that the primary target is the government of the university in the generic sense of that
term and not with special reference to momentary incumbents of office, i.e., the attack is
on monarchy, not the monarch (except incidentally), on despotism, not any particular
despot. Despite the wry current comment "to Kerr is human; to be Strong,
divine," hardly anyone -- at least until very recently -- wanted Kerr to go and few,
if any, wanted any particular other person to go. Nor has there been any great talk of
replacing one or more "bad" regent with one or more better one: it is the
regency that is at stake, not this or that regent.
The structure of
the sequence of events taken as a whole is classic. It begins with the minor act of a
minor official: the tired Negro lady in Montgomery is asked or told to go to the back of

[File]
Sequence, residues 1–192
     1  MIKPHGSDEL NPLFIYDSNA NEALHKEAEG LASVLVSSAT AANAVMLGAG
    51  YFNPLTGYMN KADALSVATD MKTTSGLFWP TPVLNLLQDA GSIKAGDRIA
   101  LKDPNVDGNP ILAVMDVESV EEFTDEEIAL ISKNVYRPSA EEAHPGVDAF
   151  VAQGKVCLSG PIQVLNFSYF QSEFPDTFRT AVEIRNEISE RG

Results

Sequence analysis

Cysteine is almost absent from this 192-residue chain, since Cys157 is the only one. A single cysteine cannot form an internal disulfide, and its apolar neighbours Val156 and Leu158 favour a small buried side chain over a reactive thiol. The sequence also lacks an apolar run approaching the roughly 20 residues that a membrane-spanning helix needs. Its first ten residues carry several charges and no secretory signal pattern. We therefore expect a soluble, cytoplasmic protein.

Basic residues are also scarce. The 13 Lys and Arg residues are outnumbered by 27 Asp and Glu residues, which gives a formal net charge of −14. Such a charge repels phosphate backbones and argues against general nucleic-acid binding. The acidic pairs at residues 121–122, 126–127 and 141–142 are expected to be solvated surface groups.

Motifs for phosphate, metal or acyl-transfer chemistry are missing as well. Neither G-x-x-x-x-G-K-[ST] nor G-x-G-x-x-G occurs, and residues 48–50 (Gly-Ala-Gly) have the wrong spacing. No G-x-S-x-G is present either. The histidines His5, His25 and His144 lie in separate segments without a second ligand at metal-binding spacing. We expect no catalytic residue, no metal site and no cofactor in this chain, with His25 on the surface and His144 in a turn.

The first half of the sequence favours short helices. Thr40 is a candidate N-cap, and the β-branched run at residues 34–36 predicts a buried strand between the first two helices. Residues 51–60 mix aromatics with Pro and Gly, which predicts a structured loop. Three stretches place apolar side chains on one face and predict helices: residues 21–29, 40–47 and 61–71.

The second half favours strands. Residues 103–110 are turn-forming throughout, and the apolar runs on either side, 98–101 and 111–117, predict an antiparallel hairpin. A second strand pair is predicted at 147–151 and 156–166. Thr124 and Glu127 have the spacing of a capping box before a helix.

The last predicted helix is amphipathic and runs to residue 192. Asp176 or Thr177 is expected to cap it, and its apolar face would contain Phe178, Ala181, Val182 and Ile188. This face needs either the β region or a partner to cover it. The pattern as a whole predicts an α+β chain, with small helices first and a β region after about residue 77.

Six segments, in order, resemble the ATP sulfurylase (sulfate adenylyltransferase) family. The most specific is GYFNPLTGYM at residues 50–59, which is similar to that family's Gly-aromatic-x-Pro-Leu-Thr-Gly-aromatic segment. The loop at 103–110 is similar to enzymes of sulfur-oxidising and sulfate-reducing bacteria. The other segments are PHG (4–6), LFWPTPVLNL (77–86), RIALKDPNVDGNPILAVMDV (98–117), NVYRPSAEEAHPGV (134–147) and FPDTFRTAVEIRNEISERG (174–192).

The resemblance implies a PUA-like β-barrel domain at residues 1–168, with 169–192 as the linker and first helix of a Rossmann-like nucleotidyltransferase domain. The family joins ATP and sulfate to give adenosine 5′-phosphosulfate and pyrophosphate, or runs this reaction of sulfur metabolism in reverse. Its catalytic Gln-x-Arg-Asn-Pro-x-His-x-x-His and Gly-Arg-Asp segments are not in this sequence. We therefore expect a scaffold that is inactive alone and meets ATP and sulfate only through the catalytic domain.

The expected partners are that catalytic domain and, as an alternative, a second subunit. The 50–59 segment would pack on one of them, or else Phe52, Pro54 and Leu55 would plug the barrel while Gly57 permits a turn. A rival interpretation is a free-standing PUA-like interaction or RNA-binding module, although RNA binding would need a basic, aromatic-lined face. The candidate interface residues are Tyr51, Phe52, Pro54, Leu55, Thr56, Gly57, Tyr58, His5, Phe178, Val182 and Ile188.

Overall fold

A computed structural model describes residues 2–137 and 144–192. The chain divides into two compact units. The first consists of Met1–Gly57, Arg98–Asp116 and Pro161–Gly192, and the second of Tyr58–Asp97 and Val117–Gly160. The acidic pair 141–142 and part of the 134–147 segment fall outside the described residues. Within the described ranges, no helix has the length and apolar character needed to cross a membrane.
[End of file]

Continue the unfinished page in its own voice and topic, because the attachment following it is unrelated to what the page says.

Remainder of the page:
the bus; a minor University official, seemingly, attempts to restrict in a minor way the
minor use of a minor bit of University property. There is non-compliance with the order
issued -- with no lively or clear sense at that moment of the underlying or over-arching
moral issues. There is action against the lawbreakers and explanation for the action. But
the action, far from intimidating, provokes, and the accompanying explanation heightens
the antagonism to the issuing authority because it generalizes and reveals the moral
foundations for an act that might otherwise have been written off as error or
inadvertence. Action and explanation call forth a wider protest, and in turn meet with a
"response." The response is now under review, and if it represents duress or